gay media

Four Great Queer Writers

TW: mention of sexual assault and hate crimes

Finding LGBTQ books and writers can be a bit of a challenge. Queer writers are rarely taught in English classes. If they are, it’s likely an elective specifically on queer writing and not a core class. In reality, most books we read in literature classes, from elementary school to university level, are written by straight people, usually white men. Even though there are some popular authors who are gay (such as Oscar Wilde or James Baldwin) it’s not often that you find popular books about the queer experience. It’s important for us to give our attention to queer writers who have important messages to share.

Here are four of my favorite writers, whose messages are worth sharing:

Roxane Gay

Roxane Gay is probably best known for her book Bad Feminist, but has magnificent work outside of that, such as Difficult Women, a collection of short stories, or her newest novel Hunger, which explores her binge eating disorder. Bad Feminist, a collection of essays, was the first of her novels I read. Her idea of being a Bad Feminist teaches us that nobody is perfect, therefore, feminism can’t be perfect. We are all learning and experiencing in a way that is unique to us. We need to listen, learn, and support each other in the best ways we can. On her book, Gay says, It just shows what it’s like to move through the world as a woman. It’s not even about feminism per se, it’s about humanity and empathy.”

Andrea Gibson

Andrea Gibson is a spoken word poet and activist. Their work is influenced by gender, love, social justice, and being queer. “Your Life” is a beautiful and touching poem about being non-binary/trans. “Orlando” is about Gibson’s reaction to the Pulse Shooting of June 2016. Gibson’s newest album Hey Galaxy is a masterpiece and I cannot recommend it enough. It’s an emotional journey. It will make you cry, laugh, and smile. They use music in their spoken poetry as well, which adds to the experience. I got to experience Andrea Gibson first hand, when I saw their show last January. Andrea Gibson, in my opinion, is a gift to the world of spoken word poetry.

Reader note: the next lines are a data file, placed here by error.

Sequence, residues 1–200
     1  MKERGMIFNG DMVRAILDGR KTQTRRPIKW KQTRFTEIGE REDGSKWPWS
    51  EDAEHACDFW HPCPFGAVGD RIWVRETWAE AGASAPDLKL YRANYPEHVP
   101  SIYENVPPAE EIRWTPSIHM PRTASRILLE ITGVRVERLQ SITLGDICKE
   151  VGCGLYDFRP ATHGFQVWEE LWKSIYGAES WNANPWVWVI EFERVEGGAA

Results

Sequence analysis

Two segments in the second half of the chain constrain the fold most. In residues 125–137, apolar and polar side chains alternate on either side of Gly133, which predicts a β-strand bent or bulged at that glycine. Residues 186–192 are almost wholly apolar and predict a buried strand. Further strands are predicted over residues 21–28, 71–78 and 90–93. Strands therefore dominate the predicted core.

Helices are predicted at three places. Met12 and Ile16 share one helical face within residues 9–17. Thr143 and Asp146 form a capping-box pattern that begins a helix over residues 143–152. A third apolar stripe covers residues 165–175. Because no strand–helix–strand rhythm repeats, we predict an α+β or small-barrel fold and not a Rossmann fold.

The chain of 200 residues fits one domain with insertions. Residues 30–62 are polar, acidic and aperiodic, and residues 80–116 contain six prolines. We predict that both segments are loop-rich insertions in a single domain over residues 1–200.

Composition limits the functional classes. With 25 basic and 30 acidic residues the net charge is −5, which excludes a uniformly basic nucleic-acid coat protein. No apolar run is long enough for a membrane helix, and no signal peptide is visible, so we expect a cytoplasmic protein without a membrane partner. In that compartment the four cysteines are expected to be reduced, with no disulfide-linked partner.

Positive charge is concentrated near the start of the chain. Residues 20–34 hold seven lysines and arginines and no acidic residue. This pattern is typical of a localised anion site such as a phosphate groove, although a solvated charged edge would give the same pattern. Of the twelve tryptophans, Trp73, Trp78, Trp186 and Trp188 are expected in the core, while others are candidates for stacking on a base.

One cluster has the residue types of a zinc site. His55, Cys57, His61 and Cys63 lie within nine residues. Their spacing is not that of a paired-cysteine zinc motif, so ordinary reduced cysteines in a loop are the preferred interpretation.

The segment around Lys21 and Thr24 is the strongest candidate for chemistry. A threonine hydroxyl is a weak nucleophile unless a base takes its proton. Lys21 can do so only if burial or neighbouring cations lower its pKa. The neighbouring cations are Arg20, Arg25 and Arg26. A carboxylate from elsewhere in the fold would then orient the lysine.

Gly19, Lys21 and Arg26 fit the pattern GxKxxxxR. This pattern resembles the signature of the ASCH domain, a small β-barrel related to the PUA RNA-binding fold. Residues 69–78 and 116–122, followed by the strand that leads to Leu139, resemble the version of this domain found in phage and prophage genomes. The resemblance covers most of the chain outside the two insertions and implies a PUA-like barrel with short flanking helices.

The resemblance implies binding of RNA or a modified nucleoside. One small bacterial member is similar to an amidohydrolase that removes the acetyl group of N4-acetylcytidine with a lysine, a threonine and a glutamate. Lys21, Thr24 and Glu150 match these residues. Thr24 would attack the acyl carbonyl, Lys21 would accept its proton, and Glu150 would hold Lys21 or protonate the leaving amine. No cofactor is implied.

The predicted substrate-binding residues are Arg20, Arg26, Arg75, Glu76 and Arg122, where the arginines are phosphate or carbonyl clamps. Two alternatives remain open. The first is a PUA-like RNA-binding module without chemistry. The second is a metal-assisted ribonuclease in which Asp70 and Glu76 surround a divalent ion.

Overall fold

Audre Lorde

I felt like this list wasn’t complete without Audre Lorde. The subjects of her work are usually personal to her, as she wrote about race, feminism, and the LGBTQ community. She is a writer of poetry, essays, and non-fiction. My favorite work of hers is Zami: A New Spelling of My Name, a biomythography where she writes about the details of her life, living as a black lesbian in the 50s and 60s. One of my favorite poems by her, “Power” is about race relations and white supremacy. The opening lines:

“The difference between poetry and rhetoric

is being ready to kill

yourself

instead of your children,” consider the power of our words in a system that tries to leave us voiceless. Lorde also has a book of essays and speeches, titled Sister Outsider.

Ocean Vuong

Ocean Vuong is a gay poet from Vietnam whose work has become extremely popular recently. His book Night Sky With Exit Wounds is his first full length collection, exploring subjects such as femininity, being gay, family, and war. My favorite poem in this book is titled “Seventh Circle of Earth.” It is about a gay couple murdered in their home in Dallas, Texas in 2011. This is a heartbreaking poem with a very untraditional structure as it considers what it means to queer in America.

Gay Dating in a Straight World: John Boughton’s Guide to The Gay Dating Game

Let me introduce to you, the safest & best dating app there is for men in the LGBTQIA+ community.

Welcome back ya cuties! Today on Gay Dating in a Straight World (GDSW), we’re going to stick with the theme of dating apps and talk about a very special one. It’s exclusively for gay, queer, bisexual, pansexual, asexual & trans men. It’s name? Chappy.

Coming Out For Someone Else

Don’t

That’s the short answer. Of course, it isn’t as simple as that. Being a member of the LGBTQIA+ community and living a thrilling, freeing gay life every day, you start to pick up some skills. One of those is picking out your fellow brothers and sisters before you’ve even met them. What I’m talking about is a “gaydar.” It’s a popular phrase, coined somewhere in the 1990s, but some say it was first heard in the show “Futurama.” I tried to do some research, but it was all very limited. So if you find out where it comes from, let me know. But back to this article! A gaydar is a tool one possesses in sensing someone else’s sexuality. I’m sure if you’re reading this blog, you know exactly what I’m talking about. But if you don’t – it might be time to get out of the house more often – but I’ll do you a favor this time and help you out a little bit.